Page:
I briefly mentioned in my last blog post that a couple of weeks ago I went to the Oregon Institute of Marine Biology in Charleston for one of their summer seminars. NOAA Marine ecologist Robert Pitman of the Southwest Marine Fisheries Science Center was presenting his research on killer whales in the Antarctic, and man, did I learn a lot. I have focused on terrestrial mammals for most of my degree, primarily domesticated species, and therefore have an elementary (if that, even) supply of knowledge about marine mammals. It’s kind of a shame and a bit embarrassing; I have lived in a coastal state for almost four years now and haven’t really realized how interested I am in the ocean and its inhabitants until this past year. It started when I began working for the Estuary Program in Morro Bay, watching the sea otters float past from our office and listening to the sea lions barking on the dock throughout the day. The combination of my insecurity about not having a ton of formal education in marine biology and probably the apprehension of breaking the news to my family (located in a landlocked state) that I might stay in ocean/coastal science forever has prevented me from seriously realizing that this is indeed what I am interested in. And yet, this summer it feels as though I’ve done quite a bit of catching up.
That’s why I was eager to see Robert’s lecture, and it also turned out to be a source of some significant connections with other people in the whale community. I met Joy Primrose, the president of The American Cetacean Society’s Oregon Chapter, mostly because I said I liked her tote bag, which was adorned with a Lisa-Frank-meets-Christian-Lassen style orca pattern. She was telling me about a photographer based out of Portland who has given whale photography workshops and that he just recently did some work out of Port Orford. Upon telling me we should connect, I realized she was talking about Erik Urdahl, one of the photographers that Dustin and I worked with a few weeks ago. Erik started The Spout, an organization dedicated to connecting people with whales and promoting their conservation.
I immediately emailed him asking if he is offering any more whale photography workshops, and he said no, but instead offered to take Dustin and I out to Depoe Bay for a casual whale watching excursion. He kindly lent me his telephoto lens and we took a Zodiac with Gary at The Whale’s Tail out on the water. You have to realize, I’ve never been near a whale. I saw a grey whale spout maybe twice from far away on a boat in Mexico last winter, but that hardly counts. In short, there was a lot of shrieking and profane language, because how else do you contain that kind of excitement? As Erik says, the excitement was up the wazoo. I also got to (yes, my use of the words “got to” are to emphasize what a privileged this was) experience the fragrant scent of whale ‘breath’ for the first time.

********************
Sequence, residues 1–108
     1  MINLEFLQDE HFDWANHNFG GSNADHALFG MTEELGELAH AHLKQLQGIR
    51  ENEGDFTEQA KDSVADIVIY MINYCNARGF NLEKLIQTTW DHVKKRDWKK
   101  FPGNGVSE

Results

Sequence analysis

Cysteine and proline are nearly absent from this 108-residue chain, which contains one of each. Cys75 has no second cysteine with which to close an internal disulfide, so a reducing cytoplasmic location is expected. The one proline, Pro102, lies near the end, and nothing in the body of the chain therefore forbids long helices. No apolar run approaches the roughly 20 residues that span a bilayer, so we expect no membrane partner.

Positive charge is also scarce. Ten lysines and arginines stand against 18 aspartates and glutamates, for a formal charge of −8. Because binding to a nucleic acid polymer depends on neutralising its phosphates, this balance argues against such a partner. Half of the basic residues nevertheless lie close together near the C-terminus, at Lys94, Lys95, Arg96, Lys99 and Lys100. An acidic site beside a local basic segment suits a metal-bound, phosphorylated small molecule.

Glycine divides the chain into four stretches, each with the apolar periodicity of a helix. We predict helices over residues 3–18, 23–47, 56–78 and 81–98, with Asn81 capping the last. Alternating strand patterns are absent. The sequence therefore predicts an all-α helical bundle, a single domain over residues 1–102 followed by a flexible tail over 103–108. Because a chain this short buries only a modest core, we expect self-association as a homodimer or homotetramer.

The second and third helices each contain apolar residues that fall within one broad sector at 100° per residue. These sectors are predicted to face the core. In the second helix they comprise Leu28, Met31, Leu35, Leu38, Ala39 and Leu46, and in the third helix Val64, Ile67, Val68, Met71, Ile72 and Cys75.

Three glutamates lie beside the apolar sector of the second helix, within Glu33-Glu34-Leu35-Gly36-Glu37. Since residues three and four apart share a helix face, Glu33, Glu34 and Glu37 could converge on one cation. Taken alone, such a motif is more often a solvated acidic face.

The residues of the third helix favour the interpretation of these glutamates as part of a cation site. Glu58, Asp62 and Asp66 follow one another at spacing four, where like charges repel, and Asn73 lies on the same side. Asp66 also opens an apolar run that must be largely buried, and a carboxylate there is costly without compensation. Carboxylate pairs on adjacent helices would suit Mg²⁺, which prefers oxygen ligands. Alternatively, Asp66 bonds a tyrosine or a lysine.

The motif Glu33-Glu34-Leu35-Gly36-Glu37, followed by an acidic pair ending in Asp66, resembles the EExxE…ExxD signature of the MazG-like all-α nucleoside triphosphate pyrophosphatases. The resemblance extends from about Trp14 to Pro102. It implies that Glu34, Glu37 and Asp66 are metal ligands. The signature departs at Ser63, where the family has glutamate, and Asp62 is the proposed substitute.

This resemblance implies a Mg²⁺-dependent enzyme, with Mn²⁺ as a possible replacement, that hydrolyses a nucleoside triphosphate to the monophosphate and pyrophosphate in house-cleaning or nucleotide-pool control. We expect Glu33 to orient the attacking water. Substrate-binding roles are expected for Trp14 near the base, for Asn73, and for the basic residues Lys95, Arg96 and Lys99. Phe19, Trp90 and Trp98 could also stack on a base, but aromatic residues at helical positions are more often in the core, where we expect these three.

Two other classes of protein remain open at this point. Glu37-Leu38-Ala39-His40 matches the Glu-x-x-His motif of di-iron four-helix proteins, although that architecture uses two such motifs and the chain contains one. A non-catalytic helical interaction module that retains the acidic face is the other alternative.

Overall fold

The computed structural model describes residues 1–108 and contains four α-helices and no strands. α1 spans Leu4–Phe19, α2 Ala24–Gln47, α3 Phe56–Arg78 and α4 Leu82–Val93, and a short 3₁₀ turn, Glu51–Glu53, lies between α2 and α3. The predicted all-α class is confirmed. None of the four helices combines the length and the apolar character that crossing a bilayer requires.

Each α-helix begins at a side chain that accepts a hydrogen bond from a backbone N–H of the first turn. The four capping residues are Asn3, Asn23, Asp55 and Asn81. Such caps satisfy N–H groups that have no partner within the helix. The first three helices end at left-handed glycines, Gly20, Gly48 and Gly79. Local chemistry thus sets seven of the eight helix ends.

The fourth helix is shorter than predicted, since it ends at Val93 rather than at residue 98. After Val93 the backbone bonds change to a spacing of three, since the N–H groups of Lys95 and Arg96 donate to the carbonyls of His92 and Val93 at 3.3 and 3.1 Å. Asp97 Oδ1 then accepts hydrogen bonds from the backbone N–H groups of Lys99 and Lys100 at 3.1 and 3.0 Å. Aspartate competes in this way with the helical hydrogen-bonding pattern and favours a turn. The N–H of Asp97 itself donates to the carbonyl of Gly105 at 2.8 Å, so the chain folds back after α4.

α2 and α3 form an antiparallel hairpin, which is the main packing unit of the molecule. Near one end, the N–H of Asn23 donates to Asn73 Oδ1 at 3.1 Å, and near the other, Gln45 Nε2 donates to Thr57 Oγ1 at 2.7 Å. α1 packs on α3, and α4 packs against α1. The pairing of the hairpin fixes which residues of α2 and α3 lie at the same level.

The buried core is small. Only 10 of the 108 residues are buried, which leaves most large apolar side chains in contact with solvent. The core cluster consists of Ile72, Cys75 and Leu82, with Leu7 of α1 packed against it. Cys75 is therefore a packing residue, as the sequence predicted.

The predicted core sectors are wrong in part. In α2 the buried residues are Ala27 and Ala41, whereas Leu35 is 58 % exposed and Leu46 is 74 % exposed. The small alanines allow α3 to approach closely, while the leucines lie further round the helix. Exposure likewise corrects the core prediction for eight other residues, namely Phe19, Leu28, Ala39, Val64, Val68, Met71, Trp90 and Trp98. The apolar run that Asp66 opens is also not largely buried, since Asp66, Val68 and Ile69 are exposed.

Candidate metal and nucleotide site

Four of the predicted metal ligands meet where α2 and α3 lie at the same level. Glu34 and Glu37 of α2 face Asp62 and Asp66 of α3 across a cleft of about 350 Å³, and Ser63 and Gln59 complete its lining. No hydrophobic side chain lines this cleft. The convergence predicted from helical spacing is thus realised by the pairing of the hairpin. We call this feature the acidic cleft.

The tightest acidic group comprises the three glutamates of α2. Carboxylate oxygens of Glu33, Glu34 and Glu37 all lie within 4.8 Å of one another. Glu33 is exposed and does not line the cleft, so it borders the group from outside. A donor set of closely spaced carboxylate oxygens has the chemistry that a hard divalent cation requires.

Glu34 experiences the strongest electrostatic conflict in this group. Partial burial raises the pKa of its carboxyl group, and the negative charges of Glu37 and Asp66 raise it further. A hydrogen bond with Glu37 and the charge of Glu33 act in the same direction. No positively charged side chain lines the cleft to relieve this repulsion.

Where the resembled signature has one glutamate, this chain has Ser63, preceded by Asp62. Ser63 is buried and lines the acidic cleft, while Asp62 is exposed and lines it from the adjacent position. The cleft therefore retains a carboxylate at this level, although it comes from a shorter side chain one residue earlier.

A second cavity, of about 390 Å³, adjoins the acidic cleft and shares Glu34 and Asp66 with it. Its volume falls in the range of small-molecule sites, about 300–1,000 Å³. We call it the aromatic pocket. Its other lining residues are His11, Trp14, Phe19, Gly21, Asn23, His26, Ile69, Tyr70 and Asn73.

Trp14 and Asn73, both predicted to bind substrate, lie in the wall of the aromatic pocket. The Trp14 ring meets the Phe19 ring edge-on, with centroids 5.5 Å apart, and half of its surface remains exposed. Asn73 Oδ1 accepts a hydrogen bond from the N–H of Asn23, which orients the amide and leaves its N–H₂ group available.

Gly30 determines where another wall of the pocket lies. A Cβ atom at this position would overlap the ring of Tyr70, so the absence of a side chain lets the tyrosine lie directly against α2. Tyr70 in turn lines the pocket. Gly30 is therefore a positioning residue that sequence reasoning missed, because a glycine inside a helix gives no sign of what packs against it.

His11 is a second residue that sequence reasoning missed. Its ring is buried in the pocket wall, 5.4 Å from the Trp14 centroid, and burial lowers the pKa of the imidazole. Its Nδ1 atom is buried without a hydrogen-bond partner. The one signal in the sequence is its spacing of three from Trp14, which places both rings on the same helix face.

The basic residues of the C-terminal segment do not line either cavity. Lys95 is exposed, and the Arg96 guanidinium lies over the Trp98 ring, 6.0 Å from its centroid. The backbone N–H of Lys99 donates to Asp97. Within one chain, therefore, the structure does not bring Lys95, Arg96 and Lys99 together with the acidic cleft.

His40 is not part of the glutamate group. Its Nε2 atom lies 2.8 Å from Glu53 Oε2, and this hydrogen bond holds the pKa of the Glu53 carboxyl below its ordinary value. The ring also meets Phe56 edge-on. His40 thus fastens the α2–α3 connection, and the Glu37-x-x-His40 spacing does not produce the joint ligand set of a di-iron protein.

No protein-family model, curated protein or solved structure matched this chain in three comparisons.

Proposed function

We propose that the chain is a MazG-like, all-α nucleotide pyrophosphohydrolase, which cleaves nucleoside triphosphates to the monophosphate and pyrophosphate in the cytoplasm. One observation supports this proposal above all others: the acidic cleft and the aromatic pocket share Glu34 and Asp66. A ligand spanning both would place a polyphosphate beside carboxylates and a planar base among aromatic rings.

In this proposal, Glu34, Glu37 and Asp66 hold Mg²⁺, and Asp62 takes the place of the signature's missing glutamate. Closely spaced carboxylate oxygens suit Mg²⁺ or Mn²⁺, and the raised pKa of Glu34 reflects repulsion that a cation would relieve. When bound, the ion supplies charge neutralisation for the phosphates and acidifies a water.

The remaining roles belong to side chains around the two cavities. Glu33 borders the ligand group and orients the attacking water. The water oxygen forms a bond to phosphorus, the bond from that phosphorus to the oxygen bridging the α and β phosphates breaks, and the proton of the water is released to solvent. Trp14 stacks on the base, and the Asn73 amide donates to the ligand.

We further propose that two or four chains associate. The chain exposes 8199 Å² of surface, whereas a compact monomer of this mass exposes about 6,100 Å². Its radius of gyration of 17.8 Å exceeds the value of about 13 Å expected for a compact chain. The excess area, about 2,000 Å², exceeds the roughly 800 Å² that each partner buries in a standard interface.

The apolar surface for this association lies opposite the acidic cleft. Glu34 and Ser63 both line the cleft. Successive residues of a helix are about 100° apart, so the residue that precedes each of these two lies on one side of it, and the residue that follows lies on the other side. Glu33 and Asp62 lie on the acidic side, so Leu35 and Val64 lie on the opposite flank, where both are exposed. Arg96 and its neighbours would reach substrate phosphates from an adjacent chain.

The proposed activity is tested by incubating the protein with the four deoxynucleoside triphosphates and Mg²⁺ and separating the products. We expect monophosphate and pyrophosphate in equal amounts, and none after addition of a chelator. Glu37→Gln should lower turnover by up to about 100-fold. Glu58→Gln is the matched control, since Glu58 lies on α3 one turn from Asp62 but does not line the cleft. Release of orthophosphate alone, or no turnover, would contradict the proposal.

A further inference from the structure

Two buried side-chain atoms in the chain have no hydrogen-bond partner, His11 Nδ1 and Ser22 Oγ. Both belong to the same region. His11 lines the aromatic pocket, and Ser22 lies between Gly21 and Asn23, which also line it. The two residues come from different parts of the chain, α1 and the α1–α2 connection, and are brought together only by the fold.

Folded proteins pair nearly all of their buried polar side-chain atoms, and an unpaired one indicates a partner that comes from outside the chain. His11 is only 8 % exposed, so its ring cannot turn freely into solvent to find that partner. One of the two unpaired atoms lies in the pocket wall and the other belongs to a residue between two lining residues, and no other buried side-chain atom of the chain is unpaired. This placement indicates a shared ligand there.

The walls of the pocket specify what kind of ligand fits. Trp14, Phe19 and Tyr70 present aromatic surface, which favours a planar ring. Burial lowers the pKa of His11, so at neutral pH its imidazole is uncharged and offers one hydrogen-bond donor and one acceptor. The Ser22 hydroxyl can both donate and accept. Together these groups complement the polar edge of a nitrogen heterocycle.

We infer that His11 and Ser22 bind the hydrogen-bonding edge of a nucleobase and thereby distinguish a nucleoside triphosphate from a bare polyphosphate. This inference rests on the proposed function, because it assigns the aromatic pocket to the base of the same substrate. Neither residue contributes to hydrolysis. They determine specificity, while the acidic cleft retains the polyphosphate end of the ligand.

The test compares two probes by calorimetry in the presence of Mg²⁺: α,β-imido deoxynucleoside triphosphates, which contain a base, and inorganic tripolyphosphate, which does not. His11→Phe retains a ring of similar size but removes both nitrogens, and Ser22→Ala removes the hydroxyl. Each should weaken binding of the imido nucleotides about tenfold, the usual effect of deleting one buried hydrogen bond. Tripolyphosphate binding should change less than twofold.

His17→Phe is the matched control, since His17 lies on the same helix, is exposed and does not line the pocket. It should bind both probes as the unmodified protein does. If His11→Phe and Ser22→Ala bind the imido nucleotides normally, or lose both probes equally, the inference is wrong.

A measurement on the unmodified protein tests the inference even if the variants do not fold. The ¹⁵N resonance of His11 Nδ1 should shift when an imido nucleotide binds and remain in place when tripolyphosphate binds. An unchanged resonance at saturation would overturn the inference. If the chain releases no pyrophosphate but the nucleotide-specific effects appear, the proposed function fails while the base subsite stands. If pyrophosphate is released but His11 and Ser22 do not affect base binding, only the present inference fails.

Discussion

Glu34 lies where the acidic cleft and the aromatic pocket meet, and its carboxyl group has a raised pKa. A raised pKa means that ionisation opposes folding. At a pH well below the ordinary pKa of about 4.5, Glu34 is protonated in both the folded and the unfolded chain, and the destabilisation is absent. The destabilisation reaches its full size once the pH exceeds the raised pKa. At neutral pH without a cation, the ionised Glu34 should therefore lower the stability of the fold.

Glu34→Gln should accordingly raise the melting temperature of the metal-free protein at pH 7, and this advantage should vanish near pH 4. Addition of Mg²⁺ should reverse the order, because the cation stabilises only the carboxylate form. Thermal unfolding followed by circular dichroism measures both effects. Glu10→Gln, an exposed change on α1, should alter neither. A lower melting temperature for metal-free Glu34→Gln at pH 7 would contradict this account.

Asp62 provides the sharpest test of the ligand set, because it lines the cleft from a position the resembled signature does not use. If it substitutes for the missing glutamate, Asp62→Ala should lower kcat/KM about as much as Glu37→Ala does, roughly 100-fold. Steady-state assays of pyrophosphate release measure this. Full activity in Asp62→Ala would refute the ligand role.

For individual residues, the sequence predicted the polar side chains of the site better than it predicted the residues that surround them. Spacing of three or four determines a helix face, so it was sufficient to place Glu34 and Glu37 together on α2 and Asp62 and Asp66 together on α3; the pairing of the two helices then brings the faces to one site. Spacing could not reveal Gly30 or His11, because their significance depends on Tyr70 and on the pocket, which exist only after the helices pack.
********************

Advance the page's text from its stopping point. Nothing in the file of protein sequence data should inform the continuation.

That weekend, because I clearly didn’t get enough, I met Joy at the Devil’s Punchbowl lookout/Otter Rock Marine Reserve to help her survey visitors about their demographic information, their awareness of Oregon’s Marine reserves, and their knowledge about whales. Most of the visitors were not from Oregon; in fact, most of the ones I talked to at least were from the Midwest and hadn’t ever seen a whale. Some had never even seen the Pacific Ocean. Thankfully, a lone grey whale spent the majority of the morning meandering between Gull Rock and a large kelp forest a few hundred meters south, and it showed off its flukes many times for a number of excited people. We also may have seen a harbor porpoise! We then visited Depoe Bay and watched 6 or 7 whales surface over and over while they fed on mycids inside the bay. Later that day, we went back to Joy’s house and I bought this book and the most recently updated poster of cetaceans of the world.
The rest of the weekend was spent rushing to Boardman again for the sunset, exploring rivers with the roommates, and meeting some horses. Another unreal week down.